The Wisconsin Center for Investigative Journalism received seven awards in the Milwaukee Press Club’s annual Awards for Excellence in Wisconsin Journalism, which were announced today. The Center now has won 32 awards from the press club.
“Most people in Wisconsin, including public officials, have grown to appreciate the state’s traditions of open government,” said Bill Lueders, council president. “These awards are meant to encourage this trend.”
Nominations are being sought for the fifth annual Distinguished Wisconsin Watchdog Award, recognizing an individual’s extraordinary contributions to open government or investigative journalism in Wisconsin.
The latest in Wisconsin frac sand. See our in-depth stories since 2011 on our frac sand project page. Minnesota’s Houston County may become the first in the state to permanently ban frac sand mining after an unanimous vote last week to approve a new mining ordinance. Meanwhile, Alberta-based rail company Canadian Pacific is upgrading its tracks, which carry crude oil as well as sand through the county, and a Houston County resident is still planning multiple frac sand mining operations in the area. But frac sand opponents are still optimistic: “This is an amazing move and victory for the people,” said one resident.
This blanket exemption would spare the UW from needing a good reason to deny access to these records, as current law requires. Instead, universities could categorically spurn inquiries from citizens, media and even lawmakers looking into controversial research, potential threats to public safety, conflicts of interest or how tax dollars are spent.
In 2012, a federal appeals court ruled that the village of Palatine, Illinois, may have violated the act by leaving parking tickets, which included personal information, on the windshields of motorists. Some Wisconsin police departments, instructed by their insurers, began redacting personal information from police reports. No other state — not even Illinois, where the Palatine case occurred — adopted this interpretation.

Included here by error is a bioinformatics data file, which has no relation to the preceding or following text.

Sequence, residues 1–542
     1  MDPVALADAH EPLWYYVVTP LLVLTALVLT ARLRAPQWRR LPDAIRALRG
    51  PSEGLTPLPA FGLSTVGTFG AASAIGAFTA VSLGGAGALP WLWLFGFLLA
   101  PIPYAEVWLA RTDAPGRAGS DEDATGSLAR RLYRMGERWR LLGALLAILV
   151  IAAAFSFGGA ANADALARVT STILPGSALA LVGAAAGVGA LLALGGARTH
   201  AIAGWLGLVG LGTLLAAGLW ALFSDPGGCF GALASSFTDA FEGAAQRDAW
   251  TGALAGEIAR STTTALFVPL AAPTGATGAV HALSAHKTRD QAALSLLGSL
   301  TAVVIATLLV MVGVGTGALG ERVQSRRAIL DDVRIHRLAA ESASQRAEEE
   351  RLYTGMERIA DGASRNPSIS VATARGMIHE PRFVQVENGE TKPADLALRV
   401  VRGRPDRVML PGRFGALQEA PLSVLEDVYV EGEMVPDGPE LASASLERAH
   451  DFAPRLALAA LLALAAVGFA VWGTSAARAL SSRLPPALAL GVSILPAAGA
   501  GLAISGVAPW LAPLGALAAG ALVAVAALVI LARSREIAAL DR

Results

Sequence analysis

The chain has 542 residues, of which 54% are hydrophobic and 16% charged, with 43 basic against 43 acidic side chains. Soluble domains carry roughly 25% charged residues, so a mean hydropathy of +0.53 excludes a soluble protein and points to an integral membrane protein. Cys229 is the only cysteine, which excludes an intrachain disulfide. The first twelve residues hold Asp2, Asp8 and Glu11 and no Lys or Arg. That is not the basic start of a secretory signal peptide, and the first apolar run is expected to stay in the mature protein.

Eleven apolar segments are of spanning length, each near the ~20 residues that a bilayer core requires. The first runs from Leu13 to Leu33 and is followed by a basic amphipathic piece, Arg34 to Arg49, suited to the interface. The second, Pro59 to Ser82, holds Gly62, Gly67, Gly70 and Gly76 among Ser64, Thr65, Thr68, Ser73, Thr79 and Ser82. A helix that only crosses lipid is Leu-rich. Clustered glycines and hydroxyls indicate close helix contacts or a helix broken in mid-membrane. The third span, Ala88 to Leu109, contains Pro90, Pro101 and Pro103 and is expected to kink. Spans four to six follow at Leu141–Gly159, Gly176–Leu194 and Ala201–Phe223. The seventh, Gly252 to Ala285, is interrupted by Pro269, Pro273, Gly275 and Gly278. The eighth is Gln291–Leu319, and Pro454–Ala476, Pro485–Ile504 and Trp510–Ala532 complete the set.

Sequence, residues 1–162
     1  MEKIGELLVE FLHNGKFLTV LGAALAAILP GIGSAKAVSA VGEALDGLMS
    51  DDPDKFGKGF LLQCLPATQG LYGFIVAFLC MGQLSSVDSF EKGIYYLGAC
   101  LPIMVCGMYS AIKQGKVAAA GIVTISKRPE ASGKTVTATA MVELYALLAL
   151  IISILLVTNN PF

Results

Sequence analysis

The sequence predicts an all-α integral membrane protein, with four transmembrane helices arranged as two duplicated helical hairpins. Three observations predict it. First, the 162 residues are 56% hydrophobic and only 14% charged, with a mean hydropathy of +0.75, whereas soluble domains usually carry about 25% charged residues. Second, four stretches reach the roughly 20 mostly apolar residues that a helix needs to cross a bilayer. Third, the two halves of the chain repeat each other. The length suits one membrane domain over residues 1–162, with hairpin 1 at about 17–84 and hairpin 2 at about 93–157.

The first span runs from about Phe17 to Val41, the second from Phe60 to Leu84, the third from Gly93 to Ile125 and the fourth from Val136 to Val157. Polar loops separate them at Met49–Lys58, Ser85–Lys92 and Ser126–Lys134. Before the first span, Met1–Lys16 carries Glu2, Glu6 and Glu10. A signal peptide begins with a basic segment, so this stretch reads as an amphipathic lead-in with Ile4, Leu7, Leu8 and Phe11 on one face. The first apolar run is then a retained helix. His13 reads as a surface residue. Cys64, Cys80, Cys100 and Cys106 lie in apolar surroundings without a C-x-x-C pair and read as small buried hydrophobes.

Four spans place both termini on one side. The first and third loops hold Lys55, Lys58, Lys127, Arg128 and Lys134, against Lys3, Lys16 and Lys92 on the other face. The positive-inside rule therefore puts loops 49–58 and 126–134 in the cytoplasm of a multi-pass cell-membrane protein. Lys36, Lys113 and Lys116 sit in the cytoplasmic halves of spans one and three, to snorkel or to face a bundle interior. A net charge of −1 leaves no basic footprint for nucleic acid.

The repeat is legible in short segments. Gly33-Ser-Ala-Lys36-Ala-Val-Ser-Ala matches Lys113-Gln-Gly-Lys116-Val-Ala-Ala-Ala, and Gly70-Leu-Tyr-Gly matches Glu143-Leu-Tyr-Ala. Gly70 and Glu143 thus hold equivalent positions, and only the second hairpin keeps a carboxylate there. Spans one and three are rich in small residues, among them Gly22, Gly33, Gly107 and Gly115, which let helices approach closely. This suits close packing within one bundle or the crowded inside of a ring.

The Wisconsin DNR reports that there has not yet been any major changes in the frac sand industry, but at least one oil analyst, based in Milwaukee, isn’t convinced: “The only thing we can say for sure is that the go-go days are over.”
It’s a pretty simple question for a public official: “What exactly do you do with your time?”
Sometimes, the best way to answer that question is to obtain the official’s calendar, through the state’s open records law. In my work as a reporter, I’ve done this for the state treasurer and his staff, who work for an office with few official duties. I’ve also used the monthly calendars of Gov. Scott Walker to plot his travel and track his day-to-day meetings. So when I wanted a better understanding of how the duties of Sheboygan Mayor Mike Vandersteen and Chief Administrative Officer Jim Amodeo overlap, I asked to see their calendars. Amodeo’s response was simply, “Oh, OK.”
The latest in Wisconsin frac sand. See our in-depth stories since 2011 on our frac sand project page. More than 40 percent of the registered voters in the Winona County, Minn., township of Saratoga have signed a petition calling for a moratorium on frac sand mining in the area. “Even the smallest communities have the right to decide what does and doesn’t happen in their community,” said activist Johanna Rupprecht. Winona Daily News November 25
Less than one month since the first city in Texas banned hydraulic fracturing, industry supporters are wondering whether they should blame their defeat on Denton’s large college student population.
HIPAA remains a “prickly” obstacle for journalists. As one health reporter puts it, “Often times, people are unsure about the law and can’t be bothered to check so it’s easier to say ‘no’ and refer to HIPAA.”